"Just the facts, please." It seems like a simple demand, but it has never been a particularly easy one to fulfill. Even the most professional and respected news organizations, those that have built reputations based on a commitment to thorough and objective standards of journalism, are constantly accused of one bias or another by those who don't care for the content of their stories. (The fact that outlets as esteemed as the New York Times have been caught publishing falsehoods - remember Jayson Blair? - hasn't helped.)
That was true in the days when just a few networks and newspapers dominated North America's media , but the advent of cable news and the world wide web has opened up entirely new avenues of disputation, second-guessing and squabbling over who can be trusted to tell the truth.
(And that's to say nothing of professional politicians, whose reputation for playing fast and loose with the facts seems to have only increased with the current U.S. election campaign.)
What if you could check facts in news reports the same way you check spelling? That's the idea behind Truth Goggles, a project being developed by an MIT student in which questions of verity would be flagged in much the same way as those of grammar: by highlighting matters of contention.
As demonstrated on the Truth Goggles demo page, the tool simply highlights any given phrase to which it is applied in one of four colours: red for false, yellow for mostly false, blue for mostly true, and green for true.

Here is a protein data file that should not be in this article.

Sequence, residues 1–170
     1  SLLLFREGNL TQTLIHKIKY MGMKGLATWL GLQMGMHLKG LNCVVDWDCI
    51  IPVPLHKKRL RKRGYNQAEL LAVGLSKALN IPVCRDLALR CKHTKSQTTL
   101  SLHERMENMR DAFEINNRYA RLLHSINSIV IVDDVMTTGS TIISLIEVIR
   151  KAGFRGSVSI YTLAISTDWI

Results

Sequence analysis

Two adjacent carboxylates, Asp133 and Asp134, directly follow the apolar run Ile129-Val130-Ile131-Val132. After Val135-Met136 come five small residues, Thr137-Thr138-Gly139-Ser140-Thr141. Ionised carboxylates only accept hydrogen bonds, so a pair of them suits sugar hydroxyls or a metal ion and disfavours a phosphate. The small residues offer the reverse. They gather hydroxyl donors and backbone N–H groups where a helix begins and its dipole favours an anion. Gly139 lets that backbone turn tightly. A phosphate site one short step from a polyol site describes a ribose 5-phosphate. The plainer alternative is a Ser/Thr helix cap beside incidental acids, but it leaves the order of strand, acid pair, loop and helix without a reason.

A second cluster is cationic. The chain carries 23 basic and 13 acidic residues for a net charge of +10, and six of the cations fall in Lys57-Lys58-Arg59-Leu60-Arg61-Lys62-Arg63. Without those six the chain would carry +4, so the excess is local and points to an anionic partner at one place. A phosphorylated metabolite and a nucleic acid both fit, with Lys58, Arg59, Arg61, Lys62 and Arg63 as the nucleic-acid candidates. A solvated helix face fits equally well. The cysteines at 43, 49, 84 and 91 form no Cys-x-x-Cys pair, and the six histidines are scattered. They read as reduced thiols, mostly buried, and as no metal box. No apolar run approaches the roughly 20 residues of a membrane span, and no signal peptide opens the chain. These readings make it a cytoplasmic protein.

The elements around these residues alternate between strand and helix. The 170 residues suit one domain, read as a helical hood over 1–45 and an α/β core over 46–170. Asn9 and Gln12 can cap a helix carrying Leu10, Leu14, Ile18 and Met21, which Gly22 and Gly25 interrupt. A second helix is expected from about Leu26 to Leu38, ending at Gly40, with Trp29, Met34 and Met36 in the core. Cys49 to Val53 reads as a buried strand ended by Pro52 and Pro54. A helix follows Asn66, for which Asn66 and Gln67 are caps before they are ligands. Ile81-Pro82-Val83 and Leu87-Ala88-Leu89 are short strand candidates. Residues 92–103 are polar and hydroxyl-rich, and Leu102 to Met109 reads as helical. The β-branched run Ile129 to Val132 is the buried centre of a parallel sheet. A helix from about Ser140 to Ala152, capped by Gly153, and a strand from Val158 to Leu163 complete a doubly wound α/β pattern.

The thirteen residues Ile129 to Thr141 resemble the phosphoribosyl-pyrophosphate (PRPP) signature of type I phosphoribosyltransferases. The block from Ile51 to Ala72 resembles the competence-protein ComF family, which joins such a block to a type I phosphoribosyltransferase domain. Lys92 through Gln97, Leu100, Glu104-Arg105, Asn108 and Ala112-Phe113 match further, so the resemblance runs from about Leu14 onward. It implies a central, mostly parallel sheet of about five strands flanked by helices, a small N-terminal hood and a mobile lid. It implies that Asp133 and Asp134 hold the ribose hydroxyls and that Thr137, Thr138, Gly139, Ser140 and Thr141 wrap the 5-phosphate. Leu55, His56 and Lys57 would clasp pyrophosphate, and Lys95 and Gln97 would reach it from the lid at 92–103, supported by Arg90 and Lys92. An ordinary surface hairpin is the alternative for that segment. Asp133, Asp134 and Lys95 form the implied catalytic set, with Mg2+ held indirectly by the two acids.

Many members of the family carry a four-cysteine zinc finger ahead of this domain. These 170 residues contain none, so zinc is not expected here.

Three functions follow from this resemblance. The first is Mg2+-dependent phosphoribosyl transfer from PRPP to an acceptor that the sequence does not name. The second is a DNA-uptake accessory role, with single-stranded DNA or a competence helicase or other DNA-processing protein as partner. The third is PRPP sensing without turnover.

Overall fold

How does it know? The application works by running phrases against a database of previously verified statements. Dan Schultz, the graduate student at MIT's Media Lab who is developing Truth Goggles as his thesis, tells Harvard University's Nieman Journalism Lab the idea is to decide what has been already been judged: "In other words, it's picking out things that somebody identified as being potentially dubious." [Link 5]
So far that means that truth, as far as the Goggles are concerned, consists of anything already verified by PolitiFact, a project started by the St. Petersburg Times newspaper in which public statements by public figures are rigorously fact-checked.
That alone may disappoint anyone who would hope that something such as Truth Goggles could bridge the political divide in U.S. political discourse: While PolitiFact presents itself as an objective and non-partisan project, there are plenty who already accuse it of an unreliable liberal bias.
But Schultz hopes to diversify the sources he can draw upon, so that any phrases red-flagged by Truth Goggles can be safely assumed to be a real whopper of a statement.
Having more sources "would help people break away from their filter bubble. They would be exposed to opinions they hadn't seen before," he said. "The ultimate goal is to enable intelligent conversations about contentious issues."